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Here are five things you need to know about the development:
1. Tangible Common Equity: Citigroup’s share price has been hammered of late amid concern that the company doesn’t have enough capital to absorb its massive losses.
2. Is that Enough?
3. More cash: The government did not inject more cash into Citigroup as part of the plan.
4. Bank of America:
5. Management and directors: Today’s announcements included no plans for Citigroup CEO Pandit to step down. However, the board of directors is expected to get a makeover, with a fresh crop of independent directors coming on board “as soon as feasible,” according to the Treasury Department.
Uncle Sam To Take Up to 36% Stake in Citigroup: 5 Things to Know
By Luke Mullins
Posted February 27, 2009
Uncle Sam announced plans Friday to toss yet another lifeline to Citigroup by converting its preferred shares to common stock, a move that allows the struggling financial behemoth to boost a key capital ratio and hopefully reassure skittish investors. Under the plan, the Treasury Department would swap up to $25 billion of preferred stock as long as other big Citigroup investors do the same.
Shares of Citigroup rallied on Monday in the hope that the government’s plan would stabilize the company. Shares rose 19 cents, to $2.14. The stock was still down 68 percent for the year.
In many ways, Mr. Pandit is already grappling with the same problems that the government would face if it took control.
He was forced to split off Citigroup’s prized Smith Barney brokerage unit, for instance, to raise capital. He is also scaling back the company’s mortgage and proprietary trading operations. He has created a “bad bank” structure to hold Citi’s money-losing businesses, like private label credit cards and Primerica insurance, and tens of billions of dollars’ worth of toxic assets.
Citigroup, with operations in more than 100 countries, encapsulates many of the ills plaguing the global banking industry. In the future, the company will almost certainly be smaller and less profitable than it was in the past, analysts say.
The entire banking industry, after all, remains under acute stress. JPMorgan Chase, widely regarded as one of the healthier big banks, announced on Monday that it would sharply reduce its dividend to stockholders to conserve cash in case the economy deteriorates further.
The administration’s strategy seems to point in the direction of stopping short of outright nationalization — where the government takes control — and stepping up regulatory scrutiny.
The government has ordered Citigroup to sell businesses, shake up its board, cut its dividend and reduce risky trading. It has also moved to curb bonuses and perks like corporate jets. Moreover, Citigroup already relies on the government to finance its operations and insure hundreds of billions of risky assets.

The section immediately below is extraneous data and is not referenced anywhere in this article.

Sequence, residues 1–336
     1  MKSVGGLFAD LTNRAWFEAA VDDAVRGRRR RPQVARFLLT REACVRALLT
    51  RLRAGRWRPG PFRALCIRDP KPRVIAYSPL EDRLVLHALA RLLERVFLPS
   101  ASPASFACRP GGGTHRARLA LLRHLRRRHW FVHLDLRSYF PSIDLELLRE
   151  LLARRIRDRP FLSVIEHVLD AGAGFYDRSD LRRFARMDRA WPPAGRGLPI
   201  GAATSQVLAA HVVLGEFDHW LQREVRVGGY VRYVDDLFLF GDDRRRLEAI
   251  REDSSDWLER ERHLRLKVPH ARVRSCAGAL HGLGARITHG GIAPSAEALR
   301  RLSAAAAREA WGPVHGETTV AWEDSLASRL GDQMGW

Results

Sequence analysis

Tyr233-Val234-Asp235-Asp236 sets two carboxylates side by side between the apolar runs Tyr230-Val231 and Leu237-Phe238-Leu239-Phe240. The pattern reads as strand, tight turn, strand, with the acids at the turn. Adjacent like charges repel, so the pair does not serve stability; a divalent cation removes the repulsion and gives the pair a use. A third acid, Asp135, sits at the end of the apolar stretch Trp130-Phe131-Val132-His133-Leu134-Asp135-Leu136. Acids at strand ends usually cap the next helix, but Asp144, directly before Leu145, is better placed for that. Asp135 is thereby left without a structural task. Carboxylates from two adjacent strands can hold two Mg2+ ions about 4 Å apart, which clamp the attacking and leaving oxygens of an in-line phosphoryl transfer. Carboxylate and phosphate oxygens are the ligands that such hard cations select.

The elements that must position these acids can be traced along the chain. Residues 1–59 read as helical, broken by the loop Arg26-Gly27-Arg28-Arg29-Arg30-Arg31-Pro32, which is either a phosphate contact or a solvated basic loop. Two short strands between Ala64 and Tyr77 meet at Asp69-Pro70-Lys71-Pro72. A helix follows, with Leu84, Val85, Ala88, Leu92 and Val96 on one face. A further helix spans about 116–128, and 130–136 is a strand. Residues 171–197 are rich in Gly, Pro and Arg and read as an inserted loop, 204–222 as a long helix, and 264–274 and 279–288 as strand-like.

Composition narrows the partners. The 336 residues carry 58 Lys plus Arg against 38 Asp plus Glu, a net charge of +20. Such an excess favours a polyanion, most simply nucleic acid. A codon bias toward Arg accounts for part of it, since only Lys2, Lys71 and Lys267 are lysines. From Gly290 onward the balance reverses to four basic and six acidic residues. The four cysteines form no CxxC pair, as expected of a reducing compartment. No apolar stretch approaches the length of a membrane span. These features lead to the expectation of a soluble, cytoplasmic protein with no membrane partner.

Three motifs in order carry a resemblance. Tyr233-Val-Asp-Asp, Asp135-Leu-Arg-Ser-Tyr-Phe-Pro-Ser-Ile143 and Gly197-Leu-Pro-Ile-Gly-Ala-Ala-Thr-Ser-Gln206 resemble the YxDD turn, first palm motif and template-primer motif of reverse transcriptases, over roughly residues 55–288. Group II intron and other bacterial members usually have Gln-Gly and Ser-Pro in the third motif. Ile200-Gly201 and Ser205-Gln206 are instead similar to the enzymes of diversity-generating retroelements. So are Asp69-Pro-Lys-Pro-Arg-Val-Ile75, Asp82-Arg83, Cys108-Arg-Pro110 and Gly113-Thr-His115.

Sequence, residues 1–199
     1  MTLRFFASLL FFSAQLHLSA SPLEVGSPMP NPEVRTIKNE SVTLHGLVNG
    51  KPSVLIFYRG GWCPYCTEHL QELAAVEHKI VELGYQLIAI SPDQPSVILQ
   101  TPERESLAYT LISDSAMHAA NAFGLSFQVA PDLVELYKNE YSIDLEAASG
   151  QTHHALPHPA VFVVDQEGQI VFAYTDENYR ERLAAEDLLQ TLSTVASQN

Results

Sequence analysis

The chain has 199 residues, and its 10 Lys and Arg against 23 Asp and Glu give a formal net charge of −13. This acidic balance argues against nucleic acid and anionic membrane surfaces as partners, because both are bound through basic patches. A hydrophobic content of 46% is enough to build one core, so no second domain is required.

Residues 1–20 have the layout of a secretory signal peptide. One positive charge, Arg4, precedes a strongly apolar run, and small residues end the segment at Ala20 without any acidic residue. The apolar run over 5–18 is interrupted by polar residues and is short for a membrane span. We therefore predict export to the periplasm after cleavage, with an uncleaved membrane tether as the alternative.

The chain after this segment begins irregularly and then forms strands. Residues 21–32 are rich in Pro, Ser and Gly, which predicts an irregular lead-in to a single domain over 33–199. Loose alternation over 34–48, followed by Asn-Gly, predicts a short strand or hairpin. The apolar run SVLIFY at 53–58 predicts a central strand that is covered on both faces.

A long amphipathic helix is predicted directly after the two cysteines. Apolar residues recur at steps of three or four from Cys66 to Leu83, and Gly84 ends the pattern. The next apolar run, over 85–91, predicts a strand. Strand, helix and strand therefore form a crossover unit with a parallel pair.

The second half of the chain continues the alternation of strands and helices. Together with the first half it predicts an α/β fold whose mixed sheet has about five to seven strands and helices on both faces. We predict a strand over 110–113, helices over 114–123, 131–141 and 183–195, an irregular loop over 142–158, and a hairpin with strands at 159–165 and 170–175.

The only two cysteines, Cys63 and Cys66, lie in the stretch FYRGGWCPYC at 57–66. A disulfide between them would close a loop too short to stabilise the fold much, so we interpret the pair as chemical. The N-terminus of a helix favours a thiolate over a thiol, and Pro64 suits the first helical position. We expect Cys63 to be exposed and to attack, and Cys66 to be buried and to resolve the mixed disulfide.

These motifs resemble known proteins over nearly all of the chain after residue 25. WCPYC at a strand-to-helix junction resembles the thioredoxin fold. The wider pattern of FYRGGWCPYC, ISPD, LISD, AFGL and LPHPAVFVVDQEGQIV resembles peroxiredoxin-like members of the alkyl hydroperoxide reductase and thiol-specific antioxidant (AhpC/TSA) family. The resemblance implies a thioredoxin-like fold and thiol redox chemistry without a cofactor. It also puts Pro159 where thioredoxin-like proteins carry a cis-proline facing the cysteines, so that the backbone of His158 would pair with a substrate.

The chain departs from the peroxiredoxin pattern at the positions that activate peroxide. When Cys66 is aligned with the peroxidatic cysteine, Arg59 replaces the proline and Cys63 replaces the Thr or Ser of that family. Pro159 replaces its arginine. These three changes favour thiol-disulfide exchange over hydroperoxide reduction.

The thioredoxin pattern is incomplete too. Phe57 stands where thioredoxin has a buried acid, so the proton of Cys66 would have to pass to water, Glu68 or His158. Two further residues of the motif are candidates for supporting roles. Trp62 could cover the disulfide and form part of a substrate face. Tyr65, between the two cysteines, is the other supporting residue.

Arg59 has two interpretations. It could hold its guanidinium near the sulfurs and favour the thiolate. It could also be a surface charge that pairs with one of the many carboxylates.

3rd Rescue Would Give U.S. 40% of Citigroup
In August, Weill volunteered to give up retirement perks in exchange for early termination of a consulting contract he got when he retired as chairman in 2006.
That agreement, which was supposed to run 10 years and now will end in April, gave Weill millions of dollars in perks, including an office, car and driver, and use of company aircraft. On Feb. 1, he agreed to stop using the aircraft after the New York Post reported he used a jet in December to take a family vacation to Mexico.
His perks cost Citigroup $2.87 million in 2006, $2.31 million in 2005, $1.6 million in 2004, $1.59 million in 2003, $1.04 million in 2002 and $33,826 for three months in 2001, according to regulatory filings. He waived the annual cash retainer of $75,000 and $150,000 deferred stock award given to other non-employee directors, according to the March 2008 filing.
NEW YORK — Citigroup Inc., the U.S. bank that got a US$52 billion government bailout, said director Roberto Hernandez Ramirez will keep free use of company aircraft and an office after he steps down from the board in April. Hernandez, 66, will keep the perks because he remains non-executive chairman of Citigroup subsidiary Banco Nacional de Mexico, Mike Hanretta, a spokesman for the New York-based bank, said in an interview.
The bank said in the March regulatory filing that it “provided certain security services to Roberto Hernandez and members of his immediate family as well as office, secretarial and related services, and airplane and helicopter usage.”
Hanretta said Hernandez travels on his own plane and gets reimbursed for business trips taken in his capacity as Banamex chairman. Like other Citigroup directors, he is reimbursed at a commercial rate when he travels for board business. He doesn’t get reimbursed for personal travel, Hanretta said.
The benefits, also including helicopter use and security for Hernandez and his family, cost US$2.61 million in 2007, according to a March 2008 regulatory filing.
Updated Friday, February 20, 2009 11:30 am TWN, Bloomberg
Citigroup director to keep plane, helicopter, office